• The value of the lamp RF potential Vp is defined by capacitive coupling between RF carrying conductors (mainly the winding of the lamp coupler and associated wire leads) and the lamp re-entrant cavity housing the lamp coupler.
  • The EMI compliance is especially problematic for integrated, self-ballasted compact RF lamps. The requirements for these compact RF lamps are much stronger, since they are connected to ac line directly through a lamp socket and have no special dedicated contact to the ground, as is the case for powerful RF lamps having remote grounded ballasts.
  • The effective way to reduce the RF lamp potential is using a bifilar coupler winding consisting of two equal length wire windings wound in parallel, and having their grounded ends on the opposite sides of the coupler.
  • The essence of this technique is the RF balancing of the coupler with two non-grounded wires on the coupler ends having equal RF potential but opposite phase. Such balancing of the coupler provides the compensation of the opposite phase voltages induced on the re-entrant cavity surface, and thus, on the plasma and the lamp surface.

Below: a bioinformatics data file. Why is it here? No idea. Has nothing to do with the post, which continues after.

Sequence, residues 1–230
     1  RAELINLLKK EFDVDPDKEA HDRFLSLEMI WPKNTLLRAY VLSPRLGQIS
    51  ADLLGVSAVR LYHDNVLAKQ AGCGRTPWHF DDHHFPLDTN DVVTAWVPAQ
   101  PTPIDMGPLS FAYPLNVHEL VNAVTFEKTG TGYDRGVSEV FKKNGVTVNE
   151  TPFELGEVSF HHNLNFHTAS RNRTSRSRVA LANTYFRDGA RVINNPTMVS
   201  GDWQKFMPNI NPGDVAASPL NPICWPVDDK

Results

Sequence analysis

• Although this technique for reduction of conductive EMI has significantly reduced the lamp RF voltage and has been implemented in many commercial RF induction lamps, it appeared that is not enough to comply with the regulation. Some additional means are needed to farther reduce the EMI level to pass the regulations.
  • A variety of EMI suppression means have been proposed and many of them have been implemented in the market through introduction of RF compact fluorescent lamps, such as a segmented electrostatic shield between the coupler and re-entrant cavity to reduce conductive EMI, a light transparent conductive coating placed between the lamp glass and phosphor, and an external metal conductive coating for lamp partial RF screening.
  • An alternative (to bifilar winding) way to balance RF coupler has been proposed for RF balancing the coupler by winding on it two wires in the azimuthally opposite directions and to drive such coupler with a symmetrical (push-pull) output ballast. Although the degree of RF compensation in the coupler balancing is expected to be higher than that at bifilar winding, the proposed scheme of compensation has many disadvantages that offset its positive expectation. Probably for this reason, this proposed way of EMI reduction has never been used in commercial products.